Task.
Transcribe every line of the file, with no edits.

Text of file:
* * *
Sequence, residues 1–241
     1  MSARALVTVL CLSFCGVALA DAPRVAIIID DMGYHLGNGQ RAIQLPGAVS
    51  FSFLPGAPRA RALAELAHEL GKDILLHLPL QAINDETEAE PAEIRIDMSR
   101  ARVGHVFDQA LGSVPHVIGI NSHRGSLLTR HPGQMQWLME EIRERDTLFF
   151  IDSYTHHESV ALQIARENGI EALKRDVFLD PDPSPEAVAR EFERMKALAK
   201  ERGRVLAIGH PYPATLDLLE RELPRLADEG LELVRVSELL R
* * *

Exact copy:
Sequence, residues 1–241
     1  MSARALVTVL CLSFCGVALA DAPRVAIIID DMGYHLGNGQ RAIQLPGAVS
    51  FSFLPGAPRA RALAELAHEL GKDILLHLPL QAINDETEAE PAEIRIDMSR
   101  ARVGHVFDQA LGSVPHVIGI NSHRGSLLTR HPGQMQWLME EIRERDTLFF
   151  IDSYTHHESV ALQIARENGI EALKRDVFLD PDPSPEAVAR EFERMKALAK
   201  ERGRVLAIGH PYPATLDLLE RELPRLADEG LELVRVSELL R